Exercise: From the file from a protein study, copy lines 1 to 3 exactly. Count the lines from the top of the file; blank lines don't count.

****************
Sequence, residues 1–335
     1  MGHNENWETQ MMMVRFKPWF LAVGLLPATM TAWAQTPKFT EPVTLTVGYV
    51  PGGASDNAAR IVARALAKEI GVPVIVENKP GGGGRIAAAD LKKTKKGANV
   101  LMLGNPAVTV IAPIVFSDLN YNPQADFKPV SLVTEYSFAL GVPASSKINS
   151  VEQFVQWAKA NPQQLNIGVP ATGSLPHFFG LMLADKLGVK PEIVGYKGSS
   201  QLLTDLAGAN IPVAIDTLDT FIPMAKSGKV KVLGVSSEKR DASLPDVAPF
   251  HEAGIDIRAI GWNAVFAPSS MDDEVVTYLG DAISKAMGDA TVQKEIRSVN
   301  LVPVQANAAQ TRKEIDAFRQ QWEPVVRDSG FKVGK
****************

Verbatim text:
Sequence, residues 1–335
     1  MGHNENWETQ MMMVRFKPWF LAVGLLPATM TAWAQTPKFT EPVTLTVGYV
    51  PGGASDNAAR IVARALAKEI GVPVIVENKP GGGGRIAAAD LKKTKKGANV